Mercer students’ efforts with the AVID tutoring program expand this semester to include five of the seven Bibb County middle schools.
Students began involvement last semester by facilitating tutorials at four local middle schools in conjunction with their service-learning classes.
Advancement Via Individual Determination launched at the beginning of the Fall 2012-2013 school year in all of the Bibb County middle schools but began nationwide in 1980.
Since its conception, the AVID program has helped improve the reading, organization, writing, inquiry, and collaboration skills of the students involved. The program targets seventh and eighth graders.
Senior Vice Provost for Service Learning and Mercer professor, Mary Alice Morgan, said the cohort-type program follows students to their high school graduation and focuses on students most likely to take advantage of the intervention. Morgan expects the program to “stem the tide of dropouts” in the area.
Southwest High School, the school most of Bibb county middle schools feed into, holds the eighth highest dropout rate in the state of Georgia, but results from nationwide AVID efforts hint at the promise of change.
Ninety percent of AVID graduates from the state of Georgia plan to enroll in a college or university, according to the AVID Center Senior Data Collection System.
AVID’s mission is to allow all students the opportunity to pursue the college dream by providing college students as role models representing where the children want to be in the future.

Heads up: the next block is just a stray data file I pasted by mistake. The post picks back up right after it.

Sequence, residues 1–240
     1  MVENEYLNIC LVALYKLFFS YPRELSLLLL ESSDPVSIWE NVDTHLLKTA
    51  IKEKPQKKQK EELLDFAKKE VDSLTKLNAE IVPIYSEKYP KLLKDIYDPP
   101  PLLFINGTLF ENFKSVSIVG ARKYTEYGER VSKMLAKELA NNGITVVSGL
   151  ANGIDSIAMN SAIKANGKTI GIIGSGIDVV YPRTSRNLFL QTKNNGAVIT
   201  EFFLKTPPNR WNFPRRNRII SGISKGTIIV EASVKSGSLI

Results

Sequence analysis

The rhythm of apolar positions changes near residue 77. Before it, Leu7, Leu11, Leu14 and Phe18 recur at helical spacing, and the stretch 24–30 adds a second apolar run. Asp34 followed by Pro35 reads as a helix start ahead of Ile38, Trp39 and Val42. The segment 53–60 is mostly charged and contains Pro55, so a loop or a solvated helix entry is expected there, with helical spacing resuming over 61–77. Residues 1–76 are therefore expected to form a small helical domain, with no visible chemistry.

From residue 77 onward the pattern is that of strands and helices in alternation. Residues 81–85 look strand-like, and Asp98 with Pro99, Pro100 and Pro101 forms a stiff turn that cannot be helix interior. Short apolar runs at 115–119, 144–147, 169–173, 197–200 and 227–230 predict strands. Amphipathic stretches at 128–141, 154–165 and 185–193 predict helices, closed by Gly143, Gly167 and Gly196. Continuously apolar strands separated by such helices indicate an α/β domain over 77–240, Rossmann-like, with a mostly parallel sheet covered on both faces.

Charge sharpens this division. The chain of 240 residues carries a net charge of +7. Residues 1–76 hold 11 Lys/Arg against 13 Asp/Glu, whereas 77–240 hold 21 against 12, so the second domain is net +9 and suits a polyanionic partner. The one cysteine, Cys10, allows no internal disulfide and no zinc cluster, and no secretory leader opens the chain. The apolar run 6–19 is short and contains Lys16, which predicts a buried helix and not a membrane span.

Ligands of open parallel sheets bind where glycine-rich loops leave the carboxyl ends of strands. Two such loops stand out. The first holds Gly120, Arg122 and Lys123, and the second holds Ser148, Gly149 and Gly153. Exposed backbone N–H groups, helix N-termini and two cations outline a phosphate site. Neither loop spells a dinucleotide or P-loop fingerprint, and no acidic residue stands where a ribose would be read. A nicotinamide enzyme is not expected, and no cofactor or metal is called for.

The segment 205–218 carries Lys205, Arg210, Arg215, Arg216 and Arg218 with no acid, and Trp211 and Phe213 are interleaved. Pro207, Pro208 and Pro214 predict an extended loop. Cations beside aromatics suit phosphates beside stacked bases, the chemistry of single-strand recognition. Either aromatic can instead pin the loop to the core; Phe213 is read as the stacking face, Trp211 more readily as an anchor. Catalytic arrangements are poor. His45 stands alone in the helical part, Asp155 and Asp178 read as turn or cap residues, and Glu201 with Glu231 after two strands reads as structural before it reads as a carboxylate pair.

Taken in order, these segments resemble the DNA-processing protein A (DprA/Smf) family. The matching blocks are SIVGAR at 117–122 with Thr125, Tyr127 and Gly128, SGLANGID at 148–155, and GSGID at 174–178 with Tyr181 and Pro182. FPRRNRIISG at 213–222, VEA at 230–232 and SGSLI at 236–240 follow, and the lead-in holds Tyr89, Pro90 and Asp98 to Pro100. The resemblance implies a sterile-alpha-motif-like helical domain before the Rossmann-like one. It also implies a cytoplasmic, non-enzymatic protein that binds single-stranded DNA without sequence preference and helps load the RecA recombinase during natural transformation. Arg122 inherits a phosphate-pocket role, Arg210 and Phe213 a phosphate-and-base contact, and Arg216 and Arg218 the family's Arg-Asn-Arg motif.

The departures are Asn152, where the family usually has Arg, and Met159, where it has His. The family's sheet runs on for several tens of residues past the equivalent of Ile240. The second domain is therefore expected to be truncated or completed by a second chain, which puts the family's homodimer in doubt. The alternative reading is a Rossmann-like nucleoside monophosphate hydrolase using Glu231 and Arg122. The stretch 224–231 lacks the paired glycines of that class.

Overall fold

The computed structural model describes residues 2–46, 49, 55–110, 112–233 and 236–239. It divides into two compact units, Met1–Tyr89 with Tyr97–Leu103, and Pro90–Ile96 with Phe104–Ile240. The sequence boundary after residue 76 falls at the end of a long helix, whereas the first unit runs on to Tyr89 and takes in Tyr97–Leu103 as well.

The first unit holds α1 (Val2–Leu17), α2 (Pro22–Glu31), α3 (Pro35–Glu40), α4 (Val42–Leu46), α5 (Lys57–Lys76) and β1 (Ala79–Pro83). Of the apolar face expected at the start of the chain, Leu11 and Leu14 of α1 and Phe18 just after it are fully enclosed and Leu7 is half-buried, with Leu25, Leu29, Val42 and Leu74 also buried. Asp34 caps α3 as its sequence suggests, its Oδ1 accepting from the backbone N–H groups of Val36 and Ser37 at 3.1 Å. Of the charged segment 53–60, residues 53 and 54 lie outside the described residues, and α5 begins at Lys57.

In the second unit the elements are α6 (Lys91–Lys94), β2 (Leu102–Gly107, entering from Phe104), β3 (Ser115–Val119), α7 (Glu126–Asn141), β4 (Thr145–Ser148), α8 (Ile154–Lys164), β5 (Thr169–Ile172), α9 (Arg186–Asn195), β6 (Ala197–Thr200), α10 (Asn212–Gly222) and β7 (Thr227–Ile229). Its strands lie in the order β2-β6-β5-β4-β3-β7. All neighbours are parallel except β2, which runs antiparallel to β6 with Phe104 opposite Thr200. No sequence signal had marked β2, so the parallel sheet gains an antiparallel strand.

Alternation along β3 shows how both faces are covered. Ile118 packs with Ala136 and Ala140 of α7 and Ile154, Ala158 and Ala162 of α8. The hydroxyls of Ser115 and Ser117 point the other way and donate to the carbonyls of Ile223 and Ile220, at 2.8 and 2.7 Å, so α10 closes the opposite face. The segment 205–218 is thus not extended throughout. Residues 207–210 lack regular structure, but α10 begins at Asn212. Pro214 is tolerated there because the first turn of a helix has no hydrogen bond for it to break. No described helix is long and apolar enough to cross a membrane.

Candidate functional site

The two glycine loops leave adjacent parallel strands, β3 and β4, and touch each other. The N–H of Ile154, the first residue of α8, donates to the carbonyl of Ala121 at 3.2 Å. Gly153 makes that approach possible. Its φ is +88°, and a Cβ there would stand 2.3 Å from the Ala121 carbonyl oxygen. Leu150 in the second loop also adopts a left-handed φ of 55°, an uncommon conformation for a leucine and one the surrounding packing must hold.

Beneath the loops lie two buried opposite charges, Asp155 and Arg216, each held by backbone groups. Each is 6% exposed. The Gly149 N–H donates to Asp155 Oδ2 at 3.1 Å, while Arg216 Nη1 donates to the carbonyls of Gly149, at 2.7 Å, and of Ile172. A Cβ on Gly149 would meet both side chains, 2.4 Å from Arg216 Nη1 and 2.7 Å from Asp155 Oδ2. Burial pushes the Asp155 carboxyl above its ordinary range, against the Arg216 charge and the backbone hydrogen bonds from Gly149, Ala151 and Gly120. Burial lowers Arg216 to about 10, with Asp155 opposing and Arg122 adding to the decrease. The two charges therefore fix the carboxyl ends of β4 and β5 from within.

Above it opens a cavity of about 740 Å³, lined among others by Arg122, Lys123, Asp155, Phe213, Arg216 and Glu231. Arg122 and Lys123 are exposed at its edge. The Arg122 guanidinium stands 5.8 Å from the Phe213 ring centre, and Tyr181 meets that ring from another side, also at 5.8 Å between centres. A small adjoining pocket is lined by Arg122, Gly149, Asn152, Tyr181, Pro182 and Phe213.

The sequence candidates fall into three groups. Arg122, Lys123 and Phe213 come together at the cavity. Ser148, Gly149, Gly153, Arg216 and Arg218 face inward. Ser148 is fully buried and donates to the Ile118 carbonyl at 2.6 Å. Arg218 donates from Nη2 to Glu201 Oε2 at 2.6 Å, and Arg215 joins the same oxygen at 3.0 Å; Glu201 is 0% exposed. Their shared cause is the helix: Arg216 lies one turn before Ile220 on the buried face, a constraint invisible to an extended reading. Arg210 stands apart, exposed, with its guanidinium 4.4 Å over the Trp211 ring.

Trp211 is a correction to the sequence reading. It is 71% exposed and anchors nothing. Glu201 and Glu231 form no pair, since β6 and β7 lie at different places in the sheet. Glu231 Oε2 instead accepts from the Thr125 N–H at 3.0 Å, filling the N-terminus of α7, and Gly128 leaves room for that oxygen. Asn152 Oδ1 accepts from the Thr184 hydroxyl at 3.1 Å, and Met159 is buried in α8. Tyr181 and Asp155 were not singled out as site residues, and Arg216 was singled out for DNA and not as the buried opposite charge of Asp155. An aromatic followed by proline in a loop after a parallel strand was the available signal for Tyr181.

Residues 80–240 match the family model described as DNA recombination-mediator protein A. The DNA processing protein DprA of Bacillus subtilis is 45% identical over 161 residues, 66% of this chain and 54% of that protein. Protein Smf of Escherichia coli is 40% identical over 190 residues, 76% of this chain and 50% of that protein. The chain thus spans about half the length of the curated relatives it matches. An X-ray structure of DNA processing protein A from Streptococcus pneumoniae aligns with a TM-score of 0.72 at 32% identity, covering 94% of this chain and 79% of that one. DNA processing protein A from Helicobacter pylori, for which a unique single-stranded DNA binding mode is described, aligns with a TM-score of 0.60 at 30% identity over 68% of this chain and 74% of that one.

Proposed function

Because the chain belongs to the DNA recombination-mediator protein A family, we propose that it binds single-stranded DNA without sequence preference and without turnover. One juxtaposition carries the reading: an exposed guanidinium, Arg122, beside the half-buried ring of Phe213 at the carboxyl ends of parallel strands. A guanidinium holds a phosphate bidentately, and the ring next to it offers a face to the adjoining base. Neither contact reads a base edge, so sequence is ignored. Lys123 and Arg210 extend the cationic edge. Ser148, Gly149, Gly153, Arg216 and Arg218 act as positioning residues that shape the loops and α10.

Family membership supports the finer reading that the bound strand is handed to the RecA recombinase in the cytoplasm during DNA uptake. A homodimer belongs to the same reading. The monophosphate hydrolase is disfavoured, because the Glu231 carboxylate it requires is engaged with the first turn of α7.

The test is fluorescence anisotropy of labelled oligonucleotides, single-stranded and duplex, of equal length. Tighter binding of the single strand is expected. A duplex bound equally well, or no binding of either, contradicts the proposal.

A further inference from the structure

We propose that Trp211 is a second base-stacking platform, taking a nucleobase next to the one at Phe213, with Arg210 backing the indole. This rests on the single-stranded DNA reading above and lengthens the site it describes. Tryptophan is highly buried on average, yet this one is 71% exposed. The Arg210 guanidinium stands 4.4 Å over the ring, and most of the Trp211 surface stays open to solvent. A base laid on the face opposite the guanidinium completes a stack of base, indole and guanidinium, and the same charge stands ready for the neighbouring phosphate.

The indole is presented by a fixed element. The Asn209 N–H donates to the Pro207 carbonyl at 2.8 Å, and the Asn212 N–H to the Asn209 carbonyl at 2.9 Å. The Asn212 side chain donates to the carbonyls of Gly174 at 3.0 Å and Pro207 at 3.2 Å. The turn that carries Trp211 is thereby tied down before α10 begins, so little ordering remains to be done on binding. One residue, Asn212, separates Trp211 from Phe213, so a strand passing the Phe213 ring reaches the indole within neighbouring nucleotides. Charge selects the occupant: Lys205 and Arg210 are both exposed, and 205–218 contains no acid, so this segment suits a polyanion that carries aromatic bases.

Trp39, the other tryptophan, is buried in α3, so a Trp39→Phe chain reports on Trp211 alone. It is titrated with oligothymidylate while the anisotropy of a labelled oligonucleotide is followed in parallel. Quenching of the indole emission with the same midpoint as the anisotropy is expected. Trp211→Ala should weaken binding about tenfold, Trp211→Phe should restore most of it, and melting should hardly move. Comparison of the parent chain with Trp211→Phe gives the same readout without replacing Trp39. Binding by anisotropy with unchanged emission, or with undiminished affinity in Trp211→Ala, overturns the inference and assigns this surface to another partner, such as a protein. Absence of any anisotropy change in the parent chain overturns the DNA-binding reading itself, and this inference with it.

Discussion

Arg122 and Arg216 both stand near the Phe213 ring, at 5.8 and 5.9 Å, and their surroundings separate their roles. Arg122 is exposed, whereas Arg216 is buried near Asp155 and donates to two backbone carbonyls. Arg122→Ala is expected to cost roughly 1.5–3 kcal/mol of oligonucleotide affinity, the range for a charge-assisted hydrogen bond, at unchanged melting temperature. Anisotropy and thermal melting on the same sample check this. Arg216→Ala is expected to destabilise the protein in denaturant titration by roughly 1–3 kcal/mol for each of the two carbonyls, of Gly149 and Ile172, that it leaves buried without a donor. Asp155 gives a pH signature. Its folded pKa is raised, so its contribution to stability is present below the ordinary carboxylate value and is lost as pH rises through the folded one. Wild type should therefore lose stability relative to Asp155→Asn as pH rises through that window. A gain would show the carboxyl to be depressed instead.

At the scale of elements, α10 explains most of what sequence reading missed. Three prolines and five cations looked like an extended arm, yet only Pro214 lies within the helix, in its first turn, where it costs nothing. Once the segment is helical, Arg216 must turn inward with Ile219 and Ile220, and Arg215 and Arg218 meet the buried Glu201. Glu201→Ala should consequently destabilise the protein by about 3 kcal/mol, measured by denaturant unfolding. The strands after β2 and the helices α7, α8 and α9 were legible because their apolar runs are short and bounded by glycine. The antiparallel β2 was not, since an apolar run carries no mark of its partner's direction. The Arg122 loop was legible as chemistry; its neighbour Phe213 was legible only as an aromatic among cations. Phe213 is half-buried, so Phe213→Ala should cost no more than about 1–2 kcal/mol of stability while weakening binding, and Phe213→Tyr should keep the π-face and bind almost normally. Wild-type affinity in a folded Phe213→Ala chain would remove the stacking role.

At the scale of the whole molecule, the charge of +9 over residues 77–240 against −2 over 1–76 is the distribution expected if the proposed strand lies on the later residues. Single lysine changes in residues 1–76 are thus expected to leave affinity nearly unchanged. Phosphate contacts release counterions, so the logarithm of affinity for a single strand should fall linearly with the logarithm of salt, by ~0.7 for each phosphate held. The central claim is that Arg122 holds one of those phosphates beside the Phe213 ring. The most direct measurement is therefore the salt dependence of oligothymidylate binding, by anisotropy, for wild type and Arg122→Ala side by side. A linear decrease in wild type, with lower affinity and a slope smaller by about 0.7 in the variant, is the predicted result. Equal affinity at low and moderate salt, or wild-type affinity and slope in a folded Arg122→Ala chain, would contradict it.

Morgan calls it a “win-win situation because [college] students get the benefit of viewing education differently while also giving back to the Macon community.”
The GEAR UP federal grant program, funded by the Department of Education, made AVID possible for schools in the Bibb County region.
GEAR UP stands for Gaining Early Awareness and Readiness for Undergraduate Programs. The program provides seven-year grants to provide services at high-poverty middle and high schools.
No grant yet exists to include additional grade levels, but with teachers already trained in the program’s operations, Bibb County schools want to maintain and reach more students if possible, Morgan said.
AVID selects children for participation and places them into an elective class. Unlike traditional subject learning, the program focuses on problem-solving techniques with a foundation of inquiry.
Children present a Point of Confusion to their classmates and are asked probing questions in order to solve the problem for themselves.
College tutors, including those from Mercer, serve alongside the students and are a critical component for the program’s success. Tutors are trained in the procedures of the tutorial process before sessions with students begin.
Josh Funderburke, a first year student who tutors double the required once-a-week visit, said he only wants to set an example for the students and have them respect him.
Commuter Kaitlynn Jones, who tutors at Ballard Hudson Middle School, said the teacher engages students by using clapping and hand movements, so students know it’s time to “dive into” their work.
Along with classroom tutorials, AVID students may enjoy field trips to nearby colleges or “Gear Up for College Days” Saturday events hosted by Mercer University. During the events, students partake in science labs while parents attend workshops.
Chelsea Flieger, Director of the Center for Leadership and Volunteerism, said the Saturday events received positive feedback last semester: 96 percent of teachers and parents said they would recommend the program to others.
Many Mercer volunteers from last semester returned this semester. Although the current program contains only students in service-learning curriculum, other trained volunteers may be accepted in the future, according to Flieger.